20,000 men on a desert island get hungry pretty fast.

As Patton said, "Fixed fortifications are monuments to the stupidity of man."

Unfortunately for the soldiers who had to fight and die on Iwo Jima, Patton wasn't in charge, just another stupid man with a very well politically connected mother.
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Re: Armchair General: Iwo Jima

Postby Vonz90 » Fri Feb 05, 2016 5:36 pm

Greg wrote:
Vonz90 wrote:
On the other hand, my point is that Iwo Jima screamed to be bypassed. If you want to take an island for an airbase, either take one that is easy to take (which they thought would be Iwo) or take one with enough strategic value to warrant the effort. Which was not Iwo.

If you want to take some lightly defended island for an airbase, make sure it is lightly defended.


On the whole, the argument for bypassing Iwo is that they should have acted as if they knew something that they did not, in fact, know.

It boils down to 'they were wrong about it being lightly defended'. OK then.


If this was and isolated incident, then maybe.

Except that they used the same methods to estimate the Japanese force that time and again proved to vastly underestimate the level of Japanese forces on different islands. At this point, when you made the same mistake dozens of times over the course of 3+ years, it is past the normal fortunes of war and well into general screw up territory.

Short answer was that did not do their due diligence before they committed a bunch of lives to a major battle. There are times when that is necessary, but by that point we were fully in possession of the initiative so there was no particular reason not to make sure you know what you need know first.

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Re: Armchair General: Iwo Jima

Postby randy » Fri Feb 05, 2016 5:50 pm

MiddleAgedKen wrote: B29s operated waaaaaay up there. :)


Actually, not in this context. When LeMay took over XXth AF one of the changes he made (along with stripping weapons and armor from the B-29's and having them go in at night) was to deliver firebombs from comparatively low altitude (10,000 ft or lower).

Altitude restrictions would not have been an issue for USN carrier borne fighters, but extensive night operations might have been. In addition to the previously posted concerns about keeping your Carrier TF inside a constrained predictable box.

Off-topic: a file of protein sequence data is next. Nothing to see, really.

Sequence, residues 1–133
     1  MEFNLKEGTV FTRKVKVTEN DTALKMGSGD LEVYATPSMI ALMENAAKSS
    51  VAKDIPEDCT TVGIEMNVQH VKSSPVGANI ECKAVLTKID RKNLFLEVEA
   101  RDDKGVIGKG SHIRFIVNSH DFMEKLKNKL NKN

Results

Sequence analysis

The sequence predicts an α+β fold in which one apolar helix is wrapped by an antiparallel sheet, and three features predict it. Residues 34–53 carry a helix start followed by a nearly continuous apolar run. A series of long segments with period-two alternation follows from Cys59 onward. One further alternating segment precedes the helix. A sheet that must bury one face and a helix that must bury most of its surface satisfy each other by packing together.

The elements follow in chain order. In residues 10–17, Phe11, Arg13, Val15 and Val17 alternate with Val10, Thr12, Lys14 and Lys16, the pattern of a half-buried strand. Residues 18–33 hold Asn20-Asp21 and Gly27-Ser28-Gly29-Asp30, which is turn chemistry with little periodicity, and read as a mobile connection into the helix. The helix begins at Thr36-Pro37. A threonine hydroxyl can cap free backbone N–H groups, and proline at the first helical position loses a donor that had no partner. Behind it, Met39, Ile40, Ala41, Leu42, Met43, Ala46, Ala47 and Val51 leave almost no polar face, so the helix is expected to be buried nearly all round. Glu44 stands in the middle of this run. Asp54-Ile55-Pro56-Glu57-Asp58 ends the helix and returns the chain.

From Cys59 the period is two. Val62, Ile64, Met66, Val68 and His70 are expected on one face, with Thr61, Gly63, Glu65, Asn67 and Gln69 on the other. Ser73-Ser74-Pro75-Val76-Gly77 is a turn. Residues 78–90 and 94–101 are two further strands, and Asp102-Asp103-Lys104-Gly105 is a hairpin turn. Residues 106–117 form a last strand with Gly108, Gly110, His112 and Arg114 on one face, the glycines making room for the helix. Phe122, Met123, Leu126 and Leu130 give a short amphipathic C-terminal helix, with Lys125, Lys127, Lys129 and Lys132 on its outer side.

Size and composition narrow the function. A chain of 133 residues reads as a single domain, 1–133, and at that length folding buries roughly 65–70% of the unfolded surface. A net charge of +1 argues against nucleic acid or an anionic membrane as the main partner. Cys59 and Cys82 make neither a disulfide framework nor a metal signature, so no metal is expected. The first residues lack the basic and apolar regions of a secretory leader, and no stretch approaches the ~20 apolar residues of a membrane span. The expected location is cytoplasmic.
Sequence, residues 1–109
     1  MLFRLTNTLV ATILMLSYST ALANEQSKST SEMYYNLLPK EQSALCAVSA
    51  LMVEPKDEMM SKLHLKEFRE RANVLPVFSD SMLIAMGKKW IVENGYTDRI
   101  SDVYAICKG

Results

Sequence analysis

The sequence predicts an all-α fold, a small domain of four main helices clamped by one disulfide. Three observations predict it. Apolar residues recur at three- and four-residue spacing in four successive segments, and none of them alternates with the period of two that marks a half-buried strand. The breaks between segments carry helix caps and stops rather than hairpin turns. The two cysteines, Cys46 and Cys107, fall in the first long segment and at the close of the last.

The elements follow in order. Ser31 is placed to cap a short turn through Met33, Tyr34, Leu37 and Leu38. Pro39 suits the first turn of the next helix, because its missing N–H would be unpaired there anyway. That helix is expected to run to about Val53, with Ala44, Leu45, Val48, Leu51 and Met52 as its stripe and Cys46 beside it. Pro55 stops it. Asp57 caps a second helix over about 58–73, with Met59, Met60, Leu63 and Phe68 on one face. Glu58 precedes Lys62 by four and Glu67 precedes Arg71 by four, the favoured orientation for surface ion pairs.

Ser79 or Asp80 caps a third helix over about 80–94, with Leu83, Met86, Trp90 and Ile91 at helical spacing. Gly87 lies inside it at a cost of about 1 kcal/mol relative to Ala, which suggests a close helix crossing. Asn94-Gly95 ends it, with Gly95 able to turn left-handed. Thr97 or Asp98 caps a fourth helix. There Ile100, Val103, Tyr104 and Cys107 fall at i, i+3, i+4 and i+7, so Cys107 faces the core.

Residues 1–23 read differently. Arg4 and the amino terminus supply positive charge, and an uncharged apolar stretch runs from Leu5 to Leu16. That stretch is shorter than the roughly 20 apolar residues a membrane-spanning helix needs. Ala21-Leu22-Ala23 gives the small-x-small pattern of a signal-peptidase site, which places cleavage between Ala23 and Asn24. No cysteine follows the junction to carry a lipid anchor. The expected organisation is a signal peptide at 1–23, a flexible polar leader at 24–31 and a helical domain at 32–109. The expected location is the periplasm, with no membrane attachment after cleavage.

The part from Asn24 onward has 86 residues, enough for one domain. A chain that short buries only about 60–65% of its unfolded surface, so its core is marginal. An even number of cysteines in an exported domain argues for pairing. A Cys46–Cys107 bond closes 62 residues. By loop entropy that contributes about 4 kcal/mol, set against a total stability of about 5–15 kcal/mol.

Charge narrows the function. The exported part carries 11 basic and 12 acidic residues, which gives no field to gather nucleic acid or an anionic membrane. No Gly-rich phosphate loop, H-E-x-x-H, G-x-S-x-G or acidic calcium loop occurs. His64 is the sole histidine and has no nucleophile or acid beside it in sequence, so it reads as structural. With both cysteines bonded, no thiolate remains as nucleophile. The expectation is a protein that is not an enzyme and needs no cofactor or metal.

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Re: Armchair General: Iwo Jima

Postby Langenator » Fri Feb 05, 2016 6:29 pm

mekender wrote:
Greg wrote:
Vonz90 wrote:Carrier raids on the Japanese mainline started in February '45, so it was certainly feasible from that point forward.


There's a major difference between a raid, and being on station.

The one is in and out quickly enough that you face only local resistance - from what's there, at that moment. That's important.

If you want to use carrier aircraft to escort B-29 raids, you're going to have to position yourself in a relatively constrained area, over and over, for a long period of time. That kind of predictability makes your life much more dangerous. (Aside from all the other problems previously mentioned.)


The practice of having carriers on station for combat operations was not one that was used very often during WWII I believe...


There were two times when the carriers had to remain offshore of an island/landing area for extended periods of time, both to provide air cover for troops ashore and to provide close air support.

The first was at Leyte, due to the fact that, even though the U.S. had controlled the Philippines for 40+ years and GEN MacArthur had actually been stationed on Leyte as a Lt., the engineers' predictions as to the suitability of the terrain for the construction of airfields was very, very wrong, which greatly delayed getting airfields built so land-based planes could take over the job.

The second was Okinawa.
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Re: Armchair General: Iwo Jima

Postby Greg » Sat Feb 06, 2016 3:23 pm

Vonz90 wrote:
Except that they used the same methods to estimate the Japanese force that time and again proved to vastly underestimate the level of Japanese forces on different islands. At this point, when you made the same mistake dozens of times over the course of 3+ years, it is past the normal fortunes of war and well into general screw up territory.


You can't really argue with that, no.

Short answer was that did not do their due diligence before they committed a bunch of lives to a major battle. There are times when that is necessary, but by that point we were fully in possession of the initiative so there was no particular reason not to make sure you know what you need know first.


The island *was* quite useful, there was just the issue of paying too much for it.

At this point in the discussion, one wonders how deep the problem went. What would it have taken to fix whatever it was that caused us to consistently underestimate enemy forces available (in what I've read recently, it was most noticeable to me in our estimates of air strength), and could we realistically have done it while the war was underway?